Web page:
The Forever Young Chorus: ‘Because inside, you don’t really feel old’
This Dublin choir is challenging its members aged 65-85 with rock and punk
Members of the Forever Young chorus during their Christmas lunch with musical director Brendan Creagh. Photograph: Nick Bradshaw for The Irish Times
"May you always do for others, And let others do for you. May you build a ladder to the stars, And climb on every rung. May you stay... Forever Young.... May you always be courageous, Stand upright and be strong."
Bob Dylan’s lullaby of wishes for his young son engages emotionally. When it’s sung by a choir of older people, it evokes a different awareness, of the lifecycle, and of our human fragility and strength.
The Forever Young Chorus belts out its signature song at the packed Lighthouse cinema in Dublin, and singer Betty Lumley is throwing her soul into it, beating her heart at the chorus. She’s an animated performer. “I’d be nearly told to stop moving, but I can’t,” she says afterwards. For Lumley, the choir means everything. “I’m three-quarters of a century old. I love music and I love dancing, and I always did. And all the friends.”
It’s Kevin Smullen’s fault. The adult education officer with City of Dublin Educational Training Board (CDETB) in Finglas came across a documentary about the US choir Young@Heart years ago, and was inspired to embark on a less usual education venture, setting up a similar choir for people aged 65-85, presenting a positive image of ageing, through music. The choir supported by CDETB is now 11 years old, with members coming and going over the years.
The repertoire is key: Smullen and musical director Brendan Creagh challenge the choir by choosing unfamiliar songs. It’s not democratic, Smullen acknowledges, but “it always pays off in the end. The group rises to the challenge and give remarkable performances. The audience can be surprised by the songs.” So rather than golden oldies, Forever Young sing rock and punk: from Talking Heads’ Road to Nowhere to Soft Cell’s Tainted Love to Blondie’s Call Me.
We’re chatting after their performance at the Lighthouse; a cinemaful is here to see a new short documentary about the choir. Film-maker Paul Farren works in commercial, documentary and drama as well as teaching film; he’s shot Forever Young through this year, practising and performing. “I fell in love with the choir.” He enjoys their energy and has watched members get a new lease of life. “It’s great to experience something outside of what we usually think of as ageing. It’s proof you can’t judge life on the surface. The songs get the singers outside their comfort zone, to learn new things.”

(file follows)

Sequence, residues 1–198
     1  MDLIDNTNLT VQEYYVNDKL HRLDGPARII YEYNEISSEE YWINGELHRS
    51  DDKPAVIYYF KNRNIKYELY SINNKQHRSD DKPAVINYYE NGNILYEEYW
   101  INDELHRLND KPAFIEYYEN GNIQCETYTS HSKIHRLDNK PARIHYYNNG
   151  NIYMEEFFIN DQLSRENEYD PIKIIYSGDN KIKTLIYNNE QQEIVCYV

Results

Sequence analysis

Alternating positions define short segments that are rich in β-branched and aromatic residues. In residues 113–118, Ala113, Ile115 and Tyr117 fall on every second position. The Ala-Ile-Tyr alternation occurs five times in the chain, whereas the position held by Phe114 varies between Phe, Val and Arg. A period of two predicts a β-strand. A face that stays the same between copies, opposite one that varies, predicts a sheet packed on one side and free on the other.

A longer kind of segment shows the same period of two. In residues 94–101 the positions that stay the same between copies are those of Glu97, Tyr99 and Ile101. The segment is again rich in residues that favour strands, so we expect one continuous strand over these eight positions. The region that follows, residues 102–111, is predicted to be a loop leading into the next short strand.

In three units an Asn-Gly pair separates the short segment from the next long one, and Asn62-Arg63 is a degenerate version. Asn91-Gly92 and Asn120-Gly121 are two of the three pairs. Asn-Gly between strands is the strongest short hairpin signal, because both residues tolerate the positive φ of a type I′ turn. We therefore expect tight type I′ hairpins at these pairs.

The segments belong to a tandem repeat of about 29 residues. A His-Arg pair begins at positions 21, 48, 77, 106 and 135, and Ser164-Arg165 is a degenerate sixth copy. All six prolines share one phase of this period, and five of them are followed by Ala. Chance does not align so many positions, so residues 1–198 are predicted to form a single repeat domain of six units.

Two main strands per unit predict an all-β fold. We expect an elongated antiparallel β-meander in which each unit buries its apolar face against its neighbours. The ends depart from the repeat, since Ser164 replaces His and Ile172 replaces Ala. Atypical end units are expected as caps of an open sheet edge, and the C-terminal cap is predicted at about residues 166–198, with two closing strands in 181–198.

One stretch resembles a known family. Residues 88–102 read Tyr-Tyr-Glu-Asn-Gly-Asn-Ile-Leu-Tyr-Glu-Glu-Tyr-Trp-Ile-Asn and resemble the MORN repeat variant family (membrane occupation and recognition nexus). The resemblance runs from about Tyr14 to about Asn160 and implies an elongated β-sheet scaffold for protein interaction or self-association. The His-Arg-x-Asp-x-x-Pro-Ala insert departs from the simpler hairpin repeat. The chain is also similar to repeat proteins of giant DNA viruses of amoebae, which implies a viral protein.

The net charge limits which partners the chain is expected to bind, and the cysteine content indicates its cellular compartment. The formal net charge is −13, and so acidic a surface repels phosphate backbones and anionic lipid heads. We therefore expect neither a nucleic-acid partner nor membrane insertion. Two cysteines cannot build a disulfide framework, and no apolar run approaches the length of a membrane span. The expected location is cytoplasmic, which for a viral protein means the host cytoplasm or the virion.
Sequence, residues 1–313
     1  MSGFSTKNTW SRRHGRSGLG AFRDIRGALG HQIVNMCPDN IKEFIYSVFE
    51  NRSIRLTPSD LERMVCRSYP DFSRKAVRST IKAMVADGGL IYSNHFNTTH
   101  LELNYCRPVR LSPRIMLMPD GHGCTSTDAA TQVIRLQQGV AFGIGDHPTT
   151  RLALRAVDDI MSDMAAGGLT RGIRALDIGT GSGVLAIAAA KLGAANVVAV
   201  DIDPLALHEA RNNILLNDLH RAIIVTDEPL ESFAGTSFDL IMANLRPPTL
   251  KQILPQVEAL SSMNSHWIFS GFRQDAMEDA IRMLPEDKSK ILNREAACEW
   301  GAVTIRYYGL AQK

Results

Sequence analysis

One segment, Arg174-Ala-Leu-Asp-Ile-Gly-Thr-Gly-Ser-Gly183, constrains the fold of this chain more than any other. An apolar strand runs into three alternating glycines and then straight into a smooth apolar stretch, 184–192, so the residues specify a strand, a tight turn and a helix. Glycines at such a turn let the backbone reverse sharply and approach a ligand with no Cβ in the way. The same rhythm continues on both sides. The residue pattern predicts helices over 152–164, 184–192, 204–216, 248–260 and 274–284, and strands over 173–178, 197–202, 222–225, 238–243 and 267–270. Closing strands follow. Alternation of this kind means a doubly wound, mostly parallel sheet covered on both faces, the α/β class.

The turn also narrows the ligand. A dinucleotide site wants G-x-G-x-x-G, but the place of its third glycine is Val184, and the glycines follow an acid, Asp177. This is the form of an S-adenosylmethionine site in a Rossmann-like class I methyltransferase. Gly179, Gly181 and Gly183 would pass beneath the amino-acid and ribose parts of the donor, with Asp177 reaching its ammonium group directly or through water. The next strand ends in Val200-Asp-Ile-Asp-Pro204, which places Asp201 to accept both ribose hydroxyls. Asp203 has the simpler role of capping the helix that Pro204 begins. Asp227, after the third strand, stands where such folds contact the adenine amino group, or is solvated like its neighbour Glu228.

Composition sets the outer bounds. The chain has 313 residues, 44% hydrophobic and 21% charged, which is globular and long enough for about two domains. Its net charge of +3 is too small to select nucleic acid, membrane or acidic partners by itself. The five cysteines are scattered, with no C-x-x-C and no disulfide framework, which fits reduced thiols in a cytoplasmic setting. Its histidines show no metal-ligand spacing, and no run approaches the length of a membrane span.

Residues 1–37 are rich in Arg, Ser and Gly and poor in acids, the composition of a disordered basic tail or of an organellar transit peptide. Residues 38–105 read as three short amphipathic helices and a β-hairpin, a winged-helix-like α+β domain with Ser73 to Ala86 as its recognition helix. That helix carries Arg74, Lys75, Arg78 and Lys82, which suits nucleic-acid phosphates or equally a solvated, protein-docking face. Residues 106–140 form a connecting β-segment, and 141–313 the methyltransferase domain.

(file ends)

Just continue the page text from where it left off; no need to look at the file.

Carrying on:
Forever Young meets on Thursdays at a Finglas resource centre, but public performance is what it’s all about, and watching them sing, you can see in their faces, and bodies, how life affirming it is.
The oldest member so far has been Una, who was 94 when she left for health reasons. At the other end of the scale, some women are known to have lied about their age, pretending they were older to get in, Smullen says, straight-faced, in the documentary. Some women brazenly admit to this looseness with the truth, on camera. “Sorry Kevin!” they call out cheerfully.
When singers gravitate towards singing oldies, musical director Creagh says, “Yiz are too young to be singing that!” But funnily enough, he remarks, often the songs they may be most resistant to initially are ultimately the ones they like best – he singles out Velvet Underground’s I Found a Reason.
Self-assured, slick performers at this stage, they put on a good show after the film, accompanied by the four-piece Forever Young band. They sing an original song, The Moons, written by one of the chorus’s biggest fans, poet Paula Meehan, with Sean Doherty’s music, commissioned by Age and Opportunity “to encourage creativity in the grey panthers, the most radical movement in the country”, as Meehan says on stage.
Meehan describes Smullen as “one of that generation of radical pioneers in adult education who used to go around bus stops recruiting people to reconnect into education”.
Choir member Christy Kelly says, “I let go at Road to Nowhere.” He was involved in junior soccer as a player and referee for 30 years; retired in May 2010, he joined Forever Young in June. “I always loved singing, I’d just sing for fun.” But with the choir, “We got the chance, to be taught, I know we’re old... but it’s fabulous. It’s a family. We had about seven men this year, but we lost men through sickness and one lad died. But we’ll get more. The two of us are holding together: 18 women and two men, what more would you want?”
Lily Howard started in the choir around 2008; she particularly enjoys Love of the Common People, and Marianne. “We love everything we sing. I love going on a Thursday. I got my mad sister Susan here to join it a year after me.”
Geraldine Caffrey’s friend Betty Lumley was telling her from age 60 that she was nearly old enough to join. Eventually she made it: “I never thought I’d be in a bus with all these aged people. Because inside, you don’t really feel that, so you don’t.”
Mary Donohoe and her husband went to enrol for computer classes. He was asked did he sing. “He said no, but my wife does. I had just retired, so that’s how we were introduced to Forever Young.
“When we were rearing our children, we weren’t paying that much attention to those songs, so it’s actually learning. This is for the brain as much as everything else. So it’s education, recreation, and great fun altogether.”
Forever Young, CDETB Adult Education Service, Dublin 11, 01-8348018, firstname.lastname@example.org. Facebook @foreveryoungchorus.